Parental Occupational Exposure and Childhood Leukemia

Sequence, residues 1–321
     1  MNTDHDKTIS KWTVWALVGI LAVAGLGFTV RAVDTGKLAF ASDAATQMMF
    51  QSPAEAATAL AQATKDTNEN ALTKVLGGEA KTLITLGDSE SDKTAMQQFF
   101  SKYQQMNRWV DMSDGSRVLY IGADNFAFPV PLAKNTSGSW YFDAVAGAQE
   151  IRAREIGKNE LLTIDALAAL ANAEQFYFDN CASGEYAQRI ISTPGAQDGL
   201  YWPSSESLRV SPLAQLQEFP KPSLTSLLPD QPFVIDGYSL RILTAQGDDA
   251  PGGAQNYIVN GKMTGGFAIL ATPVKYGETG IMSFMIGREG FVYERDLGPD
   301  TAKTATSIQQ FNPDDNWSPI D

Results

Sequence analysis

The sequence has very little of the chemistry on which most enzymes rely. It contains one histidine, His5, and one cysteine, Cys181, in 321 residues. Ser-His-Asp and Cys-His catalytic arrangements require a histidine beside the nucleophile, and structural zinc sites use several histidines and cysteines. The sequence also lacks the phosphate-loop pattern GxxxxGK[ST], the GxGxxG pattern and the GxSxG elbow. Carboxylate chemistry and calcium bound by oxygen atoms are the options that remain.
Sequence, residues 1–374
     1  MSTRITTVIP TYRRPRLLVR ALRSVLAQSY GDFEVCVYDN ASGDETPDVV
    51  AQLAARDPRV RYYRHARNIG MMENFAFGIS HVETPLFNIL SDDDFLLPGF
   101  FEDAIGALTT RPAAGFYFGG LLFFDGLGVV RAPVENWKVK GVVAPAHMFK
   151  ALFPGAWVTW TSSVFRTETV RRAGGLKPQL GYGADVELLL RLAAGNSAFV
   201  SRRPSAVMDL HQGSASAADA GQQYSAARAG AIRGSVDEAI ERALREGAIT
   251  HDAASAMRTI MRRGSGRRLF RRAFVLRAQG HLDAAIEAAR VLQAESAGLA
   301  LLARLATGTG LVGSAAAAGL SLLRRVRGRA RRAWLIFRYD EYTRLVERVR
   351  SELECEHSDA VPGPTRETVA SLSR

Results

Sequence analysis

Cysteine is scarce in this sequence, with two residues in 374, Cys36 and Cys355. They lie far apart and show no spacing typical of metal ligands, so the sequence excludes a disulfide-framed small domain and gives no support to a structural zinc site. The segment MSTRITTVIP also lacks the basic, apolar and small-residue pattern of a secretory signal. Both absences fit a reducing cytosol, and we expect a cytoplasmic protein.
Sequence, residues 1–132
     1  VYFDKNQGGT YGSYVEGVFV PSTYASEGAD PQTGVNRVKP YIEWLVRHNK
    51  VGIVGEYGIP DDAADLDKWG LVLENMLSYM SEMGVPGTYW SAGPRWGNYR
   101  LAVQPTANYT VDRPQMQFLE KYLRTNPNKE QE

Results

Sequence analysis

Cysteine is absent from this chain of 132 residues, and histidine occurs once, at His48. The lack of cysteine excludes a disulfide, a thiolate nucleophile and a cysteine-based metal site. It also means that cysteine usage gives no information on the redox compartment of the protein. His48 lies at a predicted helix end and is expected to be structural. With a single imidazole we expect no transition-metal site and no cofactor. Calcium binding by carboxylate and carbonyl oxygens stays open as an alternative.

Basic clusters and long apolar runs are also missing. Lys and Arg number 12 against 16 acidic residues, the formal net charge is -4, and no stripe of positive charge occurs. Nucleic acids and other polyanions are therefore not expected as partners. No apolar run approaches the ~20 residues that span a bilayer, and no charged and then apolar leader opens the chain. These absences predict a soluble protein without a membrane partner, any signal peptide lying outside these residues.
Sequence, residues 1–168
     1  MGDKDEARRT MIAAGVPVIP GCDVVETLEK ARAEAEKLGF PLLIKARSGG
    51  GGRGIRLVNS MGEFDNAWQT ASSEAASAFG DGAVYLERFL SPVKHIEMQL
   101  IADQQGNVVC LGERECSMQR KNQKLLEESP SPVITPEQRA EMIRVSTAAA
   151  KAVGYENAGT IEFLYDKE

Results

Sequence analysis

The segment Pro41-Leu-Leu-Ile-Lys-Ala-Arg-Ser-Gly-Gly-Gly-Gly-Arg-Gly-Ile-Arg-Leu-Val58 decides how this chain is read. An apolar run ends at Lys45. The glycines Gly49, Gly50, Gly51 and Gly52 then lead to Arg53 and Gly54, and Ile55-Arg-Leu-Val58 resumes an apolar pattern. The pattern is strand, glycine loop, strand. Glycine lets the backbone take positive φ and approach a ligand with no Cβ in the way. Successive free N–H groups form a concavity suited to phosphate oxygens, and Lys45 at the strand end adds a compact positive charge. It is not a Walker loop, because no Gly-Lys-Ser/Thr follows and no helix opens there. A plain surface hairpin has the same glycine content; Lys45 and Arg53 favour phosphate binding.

In a manuscript that has been conditionally accepted for publication in the peer-reviewed scientific journal, Environmental Research, CIRCLE Director, Catherine Metayer, and CIRCLE investigator, Alice Kang, investigated the role that parents’ exposures to chemicals at work play in their children’s health. Dr. Metayer and Ms. Kang used 19 task-based job modules to examine the relationship between occupational exposure to organic solvents and the risk of leukemia in the workers’ offspring. The study population was comprised of Hispanic (48%) and non-Hispanic (52%) children with acute lymphoblastic leukemia (ALL; n=670), acute myeloid leukemia (AML; n=104), and controls (n=1021), who were enrolled in California from 2000-2008. Among children with non-Hispanic fathers, none of the exposures evaluated were associated with risks of ALL and AML. In contrast, exposure to any organic solvents in Hispanic fathers was associated with an increased risk of childhood ALL. Exposure to chlorinated hydrocarbons was more strongly related to leukemia risk than exposure to aromatic hydrocarbons, glycol ethers, or other hydrocarbon mixtures. The investigators also observed an increased risk of ALL with exposure to combustion exhausts. Moderately elevated risks of ALL were seen with exposure to metals, paints, and wood dust, although these relationships were not statistically significant. Overall, the prevalence of exposures to chemicals was low in mothers, except for disinfectants, and no associations were reported for risk of childhood ALL and AML. In conclusion, the authors reported associations between paternal occupational exposures to chlorinated hydrocarbons and combustion exhausts, and risk of ALL in Hispanic children.